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Lunar Meteorites For Sale

buy lunar meteorites A lunar meteorite whole stone that landed in Northwest Africa

If you look at the Moon through a telescope, you will immediately notice that much of its surface is covered by craters. Some of these may be volcanic in origin, but many or most are meteorite craters and they were made when cosmic debris from elsewhere — most likely the asteroid belt — crashed into the Moon. When the composition of a lunar meteorite that has been found on Earth is analyzed in the laboratory, it is clearly seen to be a match for specimens transported to Earth by the Apollo astronauts. More remarkable than that, even, is the fact that some lunar meteorites can be paired with a particular part of our nearest neighbor, meaning we can tell not just that they came from the moon, but also which part of the Moon!

While it is illegal for private collectors to own Apollo return samples, it is entirely legal to buy lunar meteorites. These specimens have been analyzed and authenticated by leading meteorite scientists and are, without a shadow of a doubt, authentic and legitimate geological examples of our nearest celestial neighbor.


Lunar meteorite, gabbro
Found in Northwest Africa, 2011

Northwest Africa 6950 is the 6,950th meteorite to be classified from the arid deserts regions of the Sahara Desert. The total known weight of this spectacular meteorite is 1,649 grams, one single yellowish-green stone partially covered in fusion crust. This piece has shock veins, which are caused by impacts which produce pressure, which heats, melts, and deforms the rock.

NWA 8277 | LUNAR

Found in Northwest Africa, 2013

Lunar meteorite NWA 8277 was a small single stone weighing only 773 grams, a breccia with distinct clasts and multiple lithologies. It is noted in the meteoritical bulletin as an achondrite (lunar breccia), comparison of macroscopic and backscatter-electron textures, geochemistry of pyroxenes, olivines, and plagioclase.

We are fortunate to have a few slices of this rare material available.


Lunar meteorite, troctolite
Found in Northwest Africa, 2014

Five smooth pieces of this amazing troctolite were all of this rare material that was found! Take home a piece from our nearest celestial neighbor. 


Lunar, feldspathic breccia
Found in Northwest Africa, 2017

A feldspathic breccia, NWA 11237’s geochemistry includes a mineral called anorthite; in 1971, astronauts James Irwin and David Scott (Apollo 15) collected what is now known as the Genesis Rock (sample 15415) from Spur crater. Analysis concluded that the rock is make up of anorthosite, which is composed mostly of anorthite. This material is what the lunar highlands, the light colored material on the Moon’s surface, is mostly made of. These highlands are older than the darker plains on the Moon, and hence display more craters. The lunar highlands are also the site where many volcanic lava tube skylights have been found.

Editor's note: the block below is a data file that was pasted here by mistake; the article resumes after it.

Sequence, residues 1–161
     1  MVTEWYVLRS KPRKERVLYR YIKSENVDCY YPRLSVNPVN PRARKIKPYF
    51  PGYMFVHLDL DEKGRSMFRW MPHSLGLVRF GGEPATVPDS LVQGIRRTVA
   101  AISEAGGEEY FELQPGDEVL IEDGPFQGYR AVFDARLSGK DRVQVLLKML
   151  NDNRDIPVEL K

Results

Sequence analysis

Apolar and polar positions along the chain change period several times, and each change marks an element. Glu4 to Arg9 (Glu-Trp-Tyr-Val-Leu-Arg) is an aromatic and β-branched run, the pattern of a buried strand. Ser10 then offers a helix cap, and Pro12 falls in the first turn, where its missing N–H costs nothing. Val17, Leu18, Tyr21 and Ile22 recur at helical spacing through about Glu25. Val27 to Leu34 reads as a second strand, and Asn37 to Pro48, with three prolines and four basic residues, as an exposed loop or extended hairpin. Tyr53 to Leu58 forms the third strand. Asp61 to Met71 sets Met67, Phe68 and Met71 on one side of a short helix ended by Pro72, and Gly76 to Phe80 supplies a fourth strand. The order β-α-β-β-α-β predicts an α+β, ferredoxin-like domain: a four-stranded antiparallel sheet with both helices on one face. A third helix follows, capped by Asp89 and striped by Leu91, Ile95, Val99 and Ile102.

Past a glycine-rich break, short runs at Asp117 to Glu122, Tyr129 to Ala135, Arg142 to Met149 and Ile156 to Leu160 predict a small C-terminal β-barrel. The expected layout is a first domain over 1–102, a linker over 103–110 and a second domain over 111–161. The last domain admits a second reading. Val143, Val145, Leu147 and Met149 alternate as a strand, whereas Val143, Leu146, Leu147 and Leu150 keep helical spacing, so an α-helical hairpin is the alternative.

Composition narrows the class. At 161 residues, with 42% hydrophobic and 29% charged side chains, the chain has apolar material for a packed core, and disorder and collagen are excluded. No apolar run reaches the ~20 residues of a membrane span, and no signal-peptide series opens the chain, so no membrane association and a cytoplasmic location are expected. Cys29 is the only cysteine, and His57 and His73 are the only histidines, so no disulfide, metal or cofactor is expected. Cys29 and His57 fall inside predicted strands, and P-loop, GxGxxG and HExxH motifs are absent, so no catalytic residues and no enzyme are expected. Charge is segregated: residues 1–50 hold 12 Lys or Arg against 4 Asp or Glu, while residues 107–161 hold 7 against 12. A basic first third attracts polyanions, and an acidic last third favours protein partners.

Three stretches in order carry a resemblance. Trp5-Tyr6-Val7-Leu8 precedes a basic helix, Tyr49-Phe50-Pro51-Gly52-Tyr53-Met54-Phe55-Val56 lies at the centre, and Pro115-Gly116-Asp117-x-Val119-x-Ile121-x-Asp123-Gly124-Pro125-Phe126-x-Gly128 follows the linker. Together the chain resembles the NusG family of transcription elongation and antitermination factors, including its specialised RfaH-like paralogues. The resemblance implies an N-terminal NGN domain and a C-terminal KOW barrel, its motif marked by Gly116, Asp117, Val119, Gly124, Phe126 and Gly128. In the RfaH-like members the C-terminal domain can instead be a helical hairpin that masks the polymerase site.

Lunar meteorite, feldspathic breccia
Found in Northwest Africa, 2017

NWA 11303 is one the most visually appealing lunar meteorites available to collectors, and the favorite of our CEO Geoffrey Notkin. It was found in 2017 and classified by meteorite scientists A. Irving and S. Kuehner at the Department of Earth at Space Sciences at UWS. Laboratory-polished slices reveal a kaleidoscope of clasts of varying sizes and colors, clearly demonstrating the multifaceted composition of this lunar breccia. As noted above, it is expected to see little or no iron and lunar meteorites, but NWA 11303 contains visible metallic inclusions. This extraterrestrial nickel-iron was likely brought to the Moon on board large asteroid fragments, suggesting NWA 11303 is a composite of indigenous lunar material combined with meteorite fragments that could have originated hundreds of millions of miles away. The laboratory noted the extreme hardness of this rock, which lent itself to an exceptional polish.


Lunar meteorite, feldspathic breccia
Found in Mali, 2017

Acquired from the finder in 2017 in Africa, the lunar meteorite Northwest Africa (NWA) 11788 was sent to the Institute of Meteoritics at the University of New Mexico for analysis and classification. The “Meteoritical Bulletin” describes it as “a finely fragmental breccia with white feldspathic clasts set in a dark gray ground mass with metal flecks and minor vesiculation appearing throughout.” Note its dark gray, almost black matrix, punctuated by clasts of varying size and color.